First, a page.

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NAQC Newsroom: Tobacco Control

CDC MMWR: State Smoke-Free Laws for Worksites, Restaurants, and Bars—United States, 2000–2010

Thursday, April 21, 2011  
Posted by: Natalia Gromov

At the link please find an embargoed copy of the April 22 Morbidity and Mortality Weekly Report containing the following article (see page 474):

State Smoke-Free Laws for Worksites, Restaurants, and Bars—United States, 2000–2010
The entire nation can have comprehensive smoke-free state laws in place by 2020 if smoke-free activity is sustained nationally and intensified in certain regions, particularly the South. Secondhand smoke exposure causes lung cancer and cardiovascular and respiratory diseases in nonsmoking adults and children, resulting in an estimated 46,000 heart disease deaths and 3,400 lung cancer deaths among U.S. nonsmoking adults each year. Smoke-free laws that prohibit smoking in all indoor spaces fully protect nonsmokers from involuntary exposure to secondhand smoke indoors. This report summarizes the changes in state smoking restrictions for private-sector worksites, restaurants, and bars that occurred from December 31, 2000, to December 31, 2010. The number of states (including D.C.) with laws that prohibit smoking in indoor areas of worksites, restaurants, and bars increased from 0 in 2000 to 26 in 2010. However, regional disparities remain in policy adoption; no southern state has adopted a smoke-free law that prohibits smoking in all three venues.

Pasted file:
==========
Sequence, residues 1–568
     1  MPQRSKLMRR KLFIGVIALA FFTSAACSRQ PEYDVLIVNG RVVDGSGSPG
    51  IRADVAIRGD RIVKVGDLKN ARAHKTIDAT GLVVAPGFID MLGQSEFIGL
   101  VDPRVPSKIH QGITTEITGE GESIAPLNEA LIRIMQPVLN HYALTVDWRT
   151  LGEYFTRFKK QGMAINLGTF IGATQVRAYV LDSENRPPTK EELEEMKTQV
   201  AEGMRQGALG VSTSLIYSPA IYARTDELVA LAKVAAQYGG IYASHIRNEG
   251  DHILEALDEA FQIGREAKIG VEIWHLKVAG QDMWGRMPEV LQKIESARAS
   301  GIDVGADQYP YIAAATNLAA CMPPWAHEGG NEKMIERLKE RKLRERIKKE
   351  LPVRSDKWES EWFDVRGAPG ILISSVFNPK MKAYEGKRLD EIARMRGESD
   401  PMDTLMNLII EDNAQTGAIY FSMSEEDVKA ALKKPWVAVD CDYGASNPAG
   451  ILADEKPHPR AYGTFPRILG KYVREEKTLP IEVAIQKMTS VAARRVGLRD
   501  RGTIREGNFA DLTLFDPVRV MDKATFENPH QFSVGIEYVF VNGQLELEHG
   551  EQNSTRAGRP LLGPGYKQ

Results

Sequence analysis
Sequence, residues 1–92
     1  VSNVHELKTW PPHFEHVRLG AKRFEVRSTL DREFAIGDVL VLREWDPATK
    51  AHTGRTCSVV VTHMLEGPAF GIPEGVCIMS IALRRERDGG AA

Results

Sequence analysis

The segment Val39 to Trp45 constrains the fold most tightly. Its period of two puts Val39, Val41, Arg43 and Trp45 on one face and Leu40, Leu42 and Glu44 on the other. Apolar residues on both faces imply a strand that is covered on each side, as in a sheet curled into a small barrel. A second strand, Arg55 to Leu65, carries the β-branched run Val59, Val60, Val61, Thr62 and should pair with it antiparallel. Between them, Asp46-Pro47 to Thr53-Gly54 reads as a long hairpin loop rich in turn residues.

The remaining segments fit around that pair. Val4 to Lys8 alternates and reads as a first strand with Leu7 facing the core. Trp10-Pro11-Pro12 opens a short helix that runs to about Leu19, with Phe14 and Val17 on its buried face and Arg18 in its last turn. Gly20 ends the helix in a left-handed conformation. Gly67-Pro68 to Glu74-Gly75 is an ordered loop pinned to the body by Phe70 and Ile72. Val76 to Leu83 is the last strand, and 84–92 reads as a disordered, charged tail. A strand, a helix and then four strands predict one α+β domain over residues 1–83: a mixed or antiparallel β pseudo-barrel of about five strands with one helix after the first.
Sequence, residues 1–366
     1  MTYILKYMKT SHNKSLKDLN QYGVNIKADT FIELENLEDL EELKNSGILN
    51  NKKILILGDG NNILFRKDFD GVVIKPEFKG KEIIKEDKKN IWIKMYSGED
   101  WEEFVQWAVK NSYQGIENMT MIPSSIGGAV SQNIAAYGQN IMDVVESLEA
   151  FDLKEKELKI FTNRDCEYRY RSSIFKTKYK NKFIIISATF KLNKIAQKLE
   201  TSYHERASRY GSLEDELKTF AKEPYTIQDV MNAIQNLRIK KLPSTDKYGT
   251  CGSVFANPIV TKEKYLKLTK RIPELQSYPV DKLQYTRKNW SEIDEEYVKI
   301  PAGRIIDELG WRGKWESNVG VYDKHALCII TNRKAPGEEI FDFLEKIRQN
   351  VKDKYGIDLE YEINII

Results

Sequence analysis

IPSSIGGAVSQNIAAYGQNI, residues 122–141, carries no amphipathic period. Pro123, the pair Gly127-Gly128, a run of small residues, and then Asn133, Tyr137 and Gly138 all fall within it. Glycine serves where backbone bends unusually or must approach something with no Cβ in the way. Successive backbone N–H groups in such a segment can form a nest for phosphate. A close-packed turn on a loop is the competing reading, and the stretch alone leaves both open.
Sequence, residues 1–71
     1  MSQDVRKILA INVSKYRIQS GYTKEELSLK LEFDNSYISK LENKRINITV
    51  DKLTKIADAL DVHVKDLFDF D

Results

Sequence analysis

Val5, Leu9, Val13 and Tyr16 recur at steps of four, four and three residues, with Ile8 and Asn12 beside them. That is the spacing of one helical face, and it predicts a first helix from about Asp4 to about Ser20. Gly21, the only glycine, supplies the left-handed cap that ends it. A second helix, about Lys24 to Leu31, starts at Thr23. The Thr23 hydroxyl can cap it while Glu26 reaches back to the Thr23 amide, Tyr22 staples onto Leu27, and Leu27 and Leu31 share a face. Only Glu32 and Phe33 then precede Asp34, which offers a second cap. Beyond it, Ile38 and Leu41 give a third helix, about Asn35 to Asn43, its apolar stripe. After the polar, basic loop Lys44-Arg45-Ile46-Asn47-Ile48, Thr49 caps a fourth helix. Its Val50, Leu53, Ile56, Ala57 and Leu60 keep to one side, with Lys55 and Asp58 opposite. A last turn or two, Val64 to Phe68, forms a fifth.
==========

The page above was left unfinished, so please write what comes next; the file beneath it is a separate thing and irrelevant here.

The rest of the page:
OSH has also developed Web-based and social media materials to get the word out about this MMWR. Following are suggestions on how you can further support this communication effort.

· Twitter

Follow CDC Tobacco Free on Twitter and retweet key messages related to the MMWR (log in and go to www.twitter.com/CDCTobaccoFree).

· Facebook

 Become fans of OSH’s Facebook page at www.facebook.com/cdctobaccofree  and share posts related to the MMWR in your own social media activities. Check out the videos, in particular "Victim Wife,” and other materials on the Facebook page related to secondhand smoke.

· CDC.gov

Visit the CDC.gov Web site on Monday to access a feature article that discusses key points from the MMWR article, and share the link with your partners and constituents. (NOTE: the following link will not be active until Monday, April 25— http://www.cdc.gov/features/Smoke-FreeLaws)

Documents:
Copy of the April 21 MMWR (see page 472)
CDC Press Release
MMWR Highlights

The online version of the journal will be available after noon (EST) on the CDC Web site at www.cdc.gov/mmwr .

Source: CDC/Office on Smoking and Health


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